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Saturday, June 4, 2016

The team with the target takes the SCT title

The Toms River High School East girls soccer team was in another orbit by the first week of June 1985.

The Raiders were fresh off proving they were Ocean County's best club after holding back equally talented Monsignor Donovan in a Shore Conference Tournament semifinal by a 3-2 score that wasn't as close as that score indicated.

The Raiders were 16-1-1, the tie coming in the fifth game of the season against Toms River South, 1-1, the loss coming in early May to Toms River North, 2-1, the winning goal in that one a rocket launcher by Barbara Hedrick for what would be her only goal of the season that Raiders coach Ed Polhemus believed should have been stopped.

So on the phone that night after he reported his loss, Polhemus had made this one promise:

"Nancy Hearne is going to go back into goal," he said. "We're not going to let this happen again."

I've never told that story before in over 30 years since that fateful night. What I heard on the phone was a very low-keyed, soft-spoken man who obviously was stung by a North team that was good that year (10-6), but couldn't be better than his Raiders.

There was quite a lot of pressure on the Raiders that spring, my first as a sports reporting correspondent at the Observer. The Raiders were Ocean County's best team in 1984, winning the last county championship game on a sweltering, warm night at North against Donovan, 3-0, spoiling Donovan's attempt at an unbeaten season.

More importantly, most of the players on Polhemus' squad were returning for the 1985 season, including young ladies I grew up around in my life as I graduated from East just the year before, around-the-corner neighbor Denice McKenna, her buddy Karen Carlisle and Hearne, who was the All-County goalie on the Observer team in 1984. But as the season began, Polhemus believed his team would be much better if they moved Hearne onto the field to play defense. This really cool girl I knew in high school was a soccer talent, regardless of where Polhemus put her on the field.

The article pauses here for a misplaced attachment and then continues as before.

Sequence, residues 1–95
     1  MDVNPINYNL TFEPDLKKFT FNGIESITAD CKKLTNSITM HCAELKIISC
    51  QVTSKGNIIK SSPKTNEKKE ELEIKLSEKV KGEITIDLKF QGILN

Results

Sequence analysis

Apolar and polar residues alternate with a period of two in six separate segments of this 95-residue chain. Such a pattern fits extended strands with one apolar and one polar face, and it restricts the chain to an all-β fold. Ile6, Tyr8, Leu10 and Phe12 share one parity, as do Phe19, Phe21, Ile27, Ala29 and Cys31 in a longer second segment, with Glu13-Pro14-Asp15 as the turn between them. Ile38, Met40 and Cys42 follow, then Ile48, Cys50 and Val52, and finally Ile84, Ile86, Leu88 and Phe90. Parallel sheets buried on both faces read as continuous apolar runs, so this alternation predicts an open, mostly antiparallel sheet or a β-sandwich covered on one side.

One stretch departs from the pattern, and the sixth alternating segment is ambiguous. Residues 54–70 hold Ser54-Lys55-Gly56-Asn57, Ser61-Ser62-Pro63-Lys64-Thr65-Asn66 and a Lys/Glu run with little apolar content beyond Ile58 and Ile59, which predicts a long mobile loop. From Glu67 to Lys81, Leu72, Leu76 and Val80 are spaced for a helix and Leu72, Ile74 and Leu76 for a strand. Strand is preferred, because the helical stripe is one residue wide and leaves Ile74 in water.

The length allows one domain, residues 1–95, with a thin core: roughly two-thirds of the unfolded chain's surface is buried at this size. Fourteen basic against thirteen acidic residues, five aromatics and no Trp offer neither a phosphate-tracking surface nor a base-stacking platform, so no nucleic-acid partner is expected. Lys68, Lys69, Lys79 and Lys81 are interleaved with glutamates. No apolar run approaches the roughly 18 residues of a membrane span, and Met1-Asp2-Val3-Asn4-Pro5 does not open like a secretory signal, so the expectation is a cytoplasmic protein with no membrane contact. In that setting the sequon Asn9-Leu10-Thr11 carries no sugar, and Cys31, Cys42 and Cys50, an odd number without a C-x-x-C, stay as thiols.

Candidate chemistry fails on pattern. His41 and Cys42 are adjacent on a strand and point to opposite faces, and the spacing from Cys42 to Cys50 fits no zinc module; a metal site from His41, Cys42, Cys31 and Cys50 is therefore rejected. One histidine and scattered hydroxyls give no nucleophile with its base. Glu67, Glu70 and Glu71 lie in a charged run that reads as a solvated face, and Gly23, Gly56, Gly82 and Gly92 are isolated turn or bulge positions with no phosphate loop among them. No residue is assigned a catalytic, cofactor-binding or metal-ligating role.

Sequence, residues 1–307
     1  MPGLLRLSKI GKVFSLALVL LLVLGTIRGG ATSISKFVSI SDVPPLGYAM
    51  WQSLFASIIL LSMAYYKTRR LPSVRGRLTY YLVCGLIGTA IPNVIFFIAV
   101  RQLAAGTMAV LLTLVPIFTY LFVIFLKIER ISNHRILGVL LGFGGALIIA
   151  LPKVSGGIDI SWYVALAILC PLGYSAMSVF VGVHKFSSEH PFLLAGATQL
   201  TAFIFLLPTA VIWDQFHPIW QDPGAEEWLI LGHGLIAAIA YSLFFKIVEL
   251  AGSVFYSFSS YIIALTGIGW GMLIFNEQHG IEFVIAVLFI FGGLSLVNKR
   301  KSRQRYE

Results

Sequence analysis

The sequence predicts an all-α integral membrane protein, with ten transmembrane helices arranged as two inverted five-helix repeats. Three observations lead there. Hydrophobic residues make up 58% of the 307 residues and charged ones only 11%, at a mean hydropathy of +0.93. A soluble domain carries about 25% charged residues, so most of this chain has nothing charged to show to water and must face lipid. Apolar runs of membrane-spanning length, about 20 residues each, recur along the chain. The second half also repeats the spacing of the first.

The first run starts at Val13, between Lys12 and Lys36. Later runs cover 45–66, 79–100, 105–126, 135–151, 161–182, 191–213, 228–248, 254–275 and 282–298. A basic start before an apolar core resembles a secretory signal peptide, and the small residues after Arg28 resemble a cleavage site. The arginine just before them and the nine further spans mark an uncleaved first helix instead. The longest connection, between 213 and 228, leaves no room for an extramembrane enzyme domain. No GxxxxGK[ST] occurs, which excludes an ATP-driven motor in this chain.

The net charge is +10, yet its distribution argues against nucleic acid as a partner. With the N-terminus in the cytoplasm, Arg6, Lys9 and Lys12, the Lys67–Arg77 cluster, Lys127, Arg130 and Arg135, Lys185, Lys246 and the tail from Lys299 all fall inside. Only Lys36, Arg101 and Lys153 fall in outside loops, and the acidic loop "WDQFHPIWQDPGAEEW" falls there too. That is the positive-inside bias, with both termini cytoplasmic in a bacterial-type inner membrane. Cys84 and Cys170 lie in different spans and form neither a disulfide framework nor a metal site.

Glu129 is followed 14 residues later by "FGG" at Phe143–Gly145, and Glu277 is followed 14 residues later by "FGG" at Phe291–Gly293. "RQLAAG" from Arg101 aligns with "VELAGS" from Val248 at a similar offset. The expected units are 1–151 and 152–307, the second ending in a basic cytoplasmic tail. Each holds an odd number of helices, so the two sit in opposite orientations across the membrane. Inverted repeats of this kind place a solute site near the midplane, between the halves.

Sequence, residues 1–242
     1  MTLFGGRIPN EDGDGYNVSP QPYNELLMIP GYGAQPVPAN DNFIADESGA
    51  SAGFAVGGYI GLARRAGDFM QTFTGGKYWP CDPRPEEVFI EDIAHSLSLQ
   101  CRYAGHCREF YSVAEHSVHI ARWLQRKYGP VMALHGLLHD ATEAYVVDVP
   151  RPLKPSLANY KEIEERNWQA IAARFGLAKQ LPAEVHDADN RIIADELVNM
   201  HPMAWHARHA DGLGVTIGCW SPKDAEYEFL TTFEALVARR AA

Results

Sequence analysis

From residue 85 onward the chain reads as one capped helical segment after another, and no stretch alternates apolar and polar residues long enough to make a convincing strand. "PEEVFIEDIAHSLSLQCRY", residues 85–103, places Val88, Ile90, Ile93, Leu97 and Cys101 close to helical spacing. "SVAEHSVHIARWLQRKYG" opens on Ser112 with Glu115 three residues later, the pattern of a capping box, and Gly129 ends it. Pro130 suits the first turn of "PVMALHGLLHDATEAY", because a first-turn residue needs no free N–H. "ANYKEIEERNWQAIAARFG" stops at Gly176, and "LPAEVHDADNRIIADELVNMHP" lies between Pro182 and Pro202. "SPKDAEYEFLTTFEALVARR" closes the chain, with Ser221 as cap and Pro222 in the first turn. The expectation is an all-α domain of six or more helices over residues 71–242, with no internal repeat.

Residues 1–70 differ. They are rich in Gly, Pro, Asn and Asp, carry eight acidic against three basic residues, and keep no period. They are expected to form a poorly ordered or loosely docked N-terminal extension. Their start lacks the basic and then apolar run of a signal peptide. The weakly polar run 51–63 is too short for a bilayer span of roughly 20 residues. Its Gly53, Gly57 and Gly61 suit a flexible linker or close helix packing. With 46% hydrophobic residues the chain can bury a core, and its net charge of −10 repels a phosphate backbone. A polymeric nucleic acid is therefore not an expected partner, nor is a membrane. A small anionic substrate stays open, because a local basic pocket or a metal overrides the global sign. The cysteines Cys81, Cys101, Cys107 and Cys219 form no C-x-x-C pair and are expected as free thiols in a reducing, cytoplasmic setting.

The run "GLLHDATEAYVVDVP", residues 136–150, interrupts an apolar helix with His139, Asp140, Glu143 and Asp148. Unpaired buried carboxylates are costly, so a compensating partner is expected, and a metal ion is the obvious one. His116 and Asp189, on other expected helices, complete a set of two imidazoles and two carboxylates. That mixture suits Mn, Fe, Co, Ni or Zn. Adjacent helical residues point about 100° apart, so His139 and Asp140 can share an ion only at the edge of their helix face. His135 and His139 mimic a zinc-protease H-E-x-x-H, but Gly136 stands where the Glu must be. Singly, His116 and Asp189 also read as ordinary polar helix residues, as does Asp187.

Hearne was surrounded by defenders who were equally talented in what they did -- midfielder McKenna, stopper Sue Lauterborn, fullback Barbara Applegate and tall sweeper Leda Fenton, a smooth-working junior who by the end of the year became the most dominant defensive player in the county.

Their job was to make a younger, first-year goalkeeper feel comfortable and let her grow in the position. And it was working because East's defense had surrendered just six goals in 10 games in building a 9-0-1 record.

But then came the night of the North game. Two goals slipped past the goalie that should've been stopped.

End of experiment. Hearne back in the goal. Michele Adamkowski, who had a role in the defense most of the season, got moved into the main defender position to work with Applegate, who was on the other side defender spot. Polhemus had trusted his defense enough that he could make this move, but in the process, he alienated a young lady who never played soccer for him again.

The Raiders bounced back from the loss to North with wins over Shore Regional and Southern Regional, then stopped South in the rematch, 3-1, before pulling out a 2-1, double-overtime victory over Brick Memorial.